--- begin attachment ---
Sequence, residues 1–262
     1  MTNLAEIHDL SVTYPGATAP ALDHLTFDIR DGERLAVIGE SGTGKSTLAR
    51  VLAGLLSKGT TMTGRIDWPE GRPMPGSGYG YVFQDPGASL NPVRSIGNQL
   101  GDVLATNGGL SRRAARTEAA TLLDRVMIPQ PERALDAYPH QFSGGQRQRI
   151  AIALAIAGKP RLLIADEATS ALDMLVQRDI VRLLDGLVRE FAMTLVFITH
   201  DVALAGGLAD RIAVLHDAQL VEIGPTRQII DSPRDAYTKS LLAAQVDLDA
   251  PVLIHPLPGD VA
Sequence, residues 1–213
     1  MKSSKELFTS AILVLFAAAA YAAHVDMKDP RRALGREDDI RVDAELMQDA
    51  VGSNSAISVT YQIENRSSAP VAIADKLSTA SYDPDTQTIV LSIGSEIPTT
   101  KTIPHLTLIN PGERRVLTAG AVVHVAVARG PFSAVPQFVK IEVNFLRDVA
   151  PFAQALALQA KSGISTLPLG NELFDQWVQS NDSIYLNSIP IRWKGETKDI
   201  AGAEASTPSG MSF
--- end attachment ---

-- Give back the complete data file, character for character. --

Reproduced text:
Sequence, residues 1–262
     1  MTNLAEIHDL SVTYPGATAP ALDHLTFDIR DGERLAVIGE SGTGKSTLAR
    51  VLAGLLSKGT TMTGRIDWPE GRPMPGSGYG YVFQDPGASL NPVRSIGNQL
   101  GDVLATNGGL SRRAARTEAA TLLDRVMIPQ PERALDAYPH QFSGGQRQRI
   151  AIALAIAGKP RLLIADEATS ALDMLVQRDI VRLLDGLVRE FAMTLVFITH
   201  DVALAGGLAD RIAVLHDAQL VEIGPTRQII DSPRDAYTKS LLAAQVDLDA
   251  PVLIHPLPGD VA
Sequence, residues 1–213
     1  MKSSKELFTS AILVLFAAAA YAAHVDMKDP RRALGREDDI RVDAELMQDA
    51  VGSNSAISVT YQIENRSSAP VAIADKLSTA SYDPDTQTIV LSIGSEIPTT
   101  KTIPHLTLIN PGERRVLTAG AVVHVAVARG PFSAVPQFVK IEVNFLRDVA
   151  PFAQALALQA KSGISTLPLG NELFDQWVQS NDSIYLNSIP IRWKGETKDI
   201  AGAEASTPSG MSF